Here’s my big issue with this sudden much talked about issue. Why? That’s right why?  Ask yourself honestly.  The people I have seen in favor of wanting Harriet Tubman’s Face On the $20 Bill all want to do it, first, because she is a woman.  Second, because she is black. Third is because they think she is worthy or rather qualified.  If the fist reason you want Harriet Tubman On the $20 Bill is because she’s black or because you think we need to have black people on our money then you’re being racist, sexist and discriminatory, stop that.  The fact that Harriet Tubman is black or that we don’t have a black person on any paper money is no reason to put a black person on some bills.

The whole idea is racist, sexist and discriminatory.  We need to stop with this ignorant ideal that something is not racist, sexist and discriminatory just because they think it’s a good thing.  I have no problem with having a black person on any of our currency.  I think it’s a great idea.  And, when it comes time to create another bill I would love to see a qualified person chosen.  And, if that person is black, Asian, Latino or white I will be fine with it as long as they are deserving of the honor.  But, to just up and decide, we need a woman or a black person on our money is so outrageously racist, sexist and discriminatory that it offends the senses. It is disappointing that people can’t get their heads far enough out of their asses to see this or at least admit it.

We have got to stop making excuses for this kind of subtle racism, sexism and discrimination.  It doesn’t help anyone.  It doesn’t help the specific race it’s intended to nor does it help women.  It doesn’t help change the mind of evil minded and hurtful racists so we have to ask ourselves, what is the point? It’s like arriving on the scene of an horrible accident and someone has lost an arm and you try to stick a band-aid in the hopes that it will help stop the bleeding.  It won’t, the action is futile.

The way to end racism isn’t by forcing anyone to do anything.  We have laws all over the this country that try to mask racism and all they really end up doing is making truly racist people more racist.  It’s that old saying, you can lead a horse to water but you can’t make it drink.  What you can do is offer the water and let the horse drink it when it’s ready.  There two outcomes to this scenario.  One, the horse eventually gets thirsty enough and drinks the water.  Two, the horse dies. Either way, the problem is solved.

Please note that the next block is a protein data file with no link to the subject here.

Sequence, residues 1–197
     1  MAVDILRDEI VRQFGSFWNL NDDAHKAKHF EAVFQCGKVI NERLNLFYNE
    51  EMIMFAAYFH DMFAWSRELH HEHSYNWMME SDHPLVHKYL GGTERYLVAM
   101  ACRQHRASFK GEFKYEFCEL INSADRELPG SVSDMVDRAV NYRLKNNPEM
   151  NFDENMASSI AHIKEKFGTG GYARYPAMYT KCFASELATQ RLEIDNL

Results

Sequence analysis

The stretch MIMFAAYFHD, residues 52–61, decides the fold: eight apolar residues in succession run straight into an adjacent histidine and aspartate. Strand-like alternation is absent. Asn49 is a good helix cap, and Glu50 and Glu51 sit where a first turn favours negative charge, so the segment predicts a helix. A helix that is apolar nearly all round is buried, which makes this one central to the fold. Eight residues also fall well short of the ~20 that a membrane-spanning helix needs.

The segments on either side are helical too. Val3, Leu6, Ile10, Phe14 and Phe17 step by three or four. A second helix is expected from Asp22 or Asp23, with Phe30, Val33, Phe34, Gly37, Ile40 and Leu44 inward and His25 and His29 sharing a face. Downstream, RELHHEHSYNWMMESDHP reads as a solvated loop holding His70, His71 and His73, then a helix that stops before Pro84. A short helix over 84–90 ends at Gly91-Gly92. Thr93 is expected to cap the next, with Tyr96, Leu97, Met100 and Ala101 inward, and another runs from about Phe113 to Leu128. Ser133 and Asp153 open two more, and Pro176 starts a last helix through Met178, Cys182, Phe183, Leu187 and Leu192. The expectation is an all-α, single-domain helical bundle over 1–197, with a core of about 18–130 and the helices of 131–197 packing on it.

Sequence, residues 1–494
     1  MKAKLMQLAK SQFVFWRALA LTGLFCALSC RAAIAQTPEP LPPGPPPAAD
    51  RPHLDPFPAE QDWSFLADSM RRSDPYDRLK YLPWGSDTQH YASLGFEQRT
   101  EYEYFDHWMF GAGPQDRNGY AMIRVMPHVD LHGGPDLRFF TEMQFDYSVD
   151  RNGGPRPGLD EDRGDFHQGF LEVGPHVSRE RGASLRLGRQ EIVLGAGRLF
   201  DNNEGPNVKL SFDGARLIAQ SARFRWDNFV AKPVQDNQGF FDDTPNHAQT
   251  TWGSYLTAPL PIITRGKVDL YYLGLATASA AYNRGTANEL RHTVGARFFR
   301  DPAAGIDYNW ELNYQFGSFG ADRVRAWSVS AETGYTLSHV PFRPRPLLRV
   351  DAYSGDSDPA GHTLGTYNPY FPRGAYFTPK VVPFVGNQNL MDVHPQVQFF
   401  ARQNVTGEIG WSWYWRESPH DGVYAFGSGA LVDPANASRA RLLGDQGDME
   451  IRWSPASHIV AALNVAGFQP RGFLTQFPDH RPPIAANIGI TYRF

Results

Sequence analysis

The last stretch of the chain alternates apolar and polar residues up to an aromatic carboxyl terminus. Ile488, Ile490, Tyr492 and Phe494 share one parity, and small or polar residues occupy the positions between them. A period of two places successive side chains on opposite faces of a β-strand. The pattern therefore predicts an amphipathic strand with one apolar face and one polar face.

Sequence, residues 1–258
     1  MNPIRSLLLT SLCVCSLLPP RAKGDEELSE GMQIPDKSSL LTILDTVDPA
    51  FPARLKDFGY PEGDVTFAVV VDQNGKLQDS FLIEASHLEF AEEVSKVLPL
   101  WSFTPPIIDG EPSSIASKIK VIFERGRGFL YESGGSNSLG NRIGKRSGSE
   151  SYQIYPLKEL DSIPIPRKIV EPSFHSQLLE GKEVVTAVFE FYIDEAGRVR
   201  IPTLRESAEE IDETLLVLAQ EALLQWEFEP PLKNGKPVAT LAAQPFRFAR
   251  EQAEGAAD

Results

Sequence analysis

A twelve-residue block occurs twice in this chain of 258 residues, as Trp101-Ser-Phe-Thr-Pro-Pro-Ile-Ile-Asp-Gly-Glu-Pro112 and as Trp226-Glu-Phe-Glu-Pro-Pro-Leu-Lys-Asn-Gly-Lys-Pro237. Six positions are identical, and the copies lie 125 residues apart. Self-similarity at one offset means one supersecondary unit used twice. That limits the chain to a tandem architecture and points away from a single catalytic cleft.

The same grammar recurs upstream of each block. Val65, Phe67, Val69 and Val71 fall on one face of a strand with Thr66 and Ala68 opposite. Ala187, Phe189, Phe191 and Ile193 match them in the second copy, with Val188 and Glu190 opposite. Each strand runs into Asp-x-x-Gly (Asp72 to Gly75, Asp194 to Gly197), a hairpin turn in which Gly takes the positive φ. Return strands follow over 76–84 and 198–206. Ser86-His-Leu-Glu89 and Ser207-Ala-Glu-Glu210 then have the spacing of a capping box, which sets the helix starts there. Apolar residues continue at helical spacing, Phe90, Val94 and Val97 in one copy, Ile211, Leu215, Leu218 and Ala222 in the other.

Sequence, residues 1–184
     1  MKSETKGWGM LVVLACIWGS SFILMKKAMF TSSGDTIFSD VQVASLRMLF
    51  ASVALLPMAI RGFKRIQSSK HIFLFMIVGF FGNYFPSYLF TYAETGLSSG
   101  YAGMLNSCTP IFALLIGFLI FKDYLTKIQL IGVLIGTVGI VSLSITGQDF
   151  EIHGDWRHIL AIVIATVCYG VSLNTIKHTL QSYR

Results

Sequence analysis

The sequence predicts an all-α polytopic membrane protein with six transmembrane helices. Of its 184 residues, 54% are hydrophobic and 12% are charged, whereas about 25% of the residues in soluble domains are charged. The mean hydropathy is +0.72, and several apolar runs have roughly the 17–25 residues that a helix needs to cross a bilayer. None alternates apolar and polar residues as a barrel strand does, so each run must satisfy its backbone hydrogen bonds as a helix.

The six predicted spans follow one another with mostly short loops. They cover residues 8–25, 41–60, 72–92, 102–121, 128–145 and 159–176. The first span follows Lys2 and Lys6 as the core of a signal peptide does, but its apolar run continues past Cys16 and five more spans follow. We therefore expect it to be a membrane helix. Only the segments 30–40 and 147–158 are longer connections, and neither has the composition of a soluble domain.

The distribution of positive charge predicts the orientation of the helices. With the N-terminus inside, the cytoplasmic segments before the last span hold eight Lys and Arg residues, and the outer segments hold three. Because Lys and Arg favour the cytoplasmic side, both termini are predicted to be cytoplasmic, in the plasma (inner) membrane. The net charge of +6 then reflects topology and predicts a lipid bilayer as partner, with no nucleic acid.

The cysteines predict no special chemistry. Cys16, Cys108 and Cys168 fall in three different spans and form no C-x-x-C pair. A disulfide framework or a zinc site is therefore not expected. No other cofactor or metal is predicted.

The way you end racism is through example and knowledge.  Right now, there is no valid reason to put Harriet Tubman’s Face On the $20 Bill.  Just because we want something doesn’t make it a good idea or does it mean that it’s good for us.  All doing this is gong to do is piss off a bunch of ignorant, stupid, racist people.  And, though, the thought of a bunch of racist idiots being somewhat forced to carry around a picture of a back person in their pockets, wallets and purses amuses me.  I guarantee you that what is going to happen is that these racist fucknuts are going to stop carrying any of the new bills.  There will be shortages of 10 dollar bills in the southern states.  I know it sounds outrageous but one of our biggest problems in this country is underestimating the abilities of stupid people to stupid things on a mass scale.

I just simply cannot support the idea of adding Harriet Tubman’s Face On the $20 Bill just because she was black or a woman.  And, whether you want to believe it or not she is only being considered for this honor because she was in fact a black person and a woman. No matter how you look at it’s sexist, racist and discriminatory.  All you need to do is look at how this current movement started.  A women’s group made a poll.  People voted in it.  The final vote came down to these choices, Tubman, Wilma Mankiller, Eleanor Roosevelt and Rosa Parks.  Tubman squeaked by and won with 118,328 narrowly beating out Eleanor Roosevelt who had 111,227 votes.  When the vote is rigged, the outcome is inevitable. Make no mistake, if you want a woman on the 20 bill and you offer up a vote and the only options are women, you’re going to end up with a woman 100 percent of the time.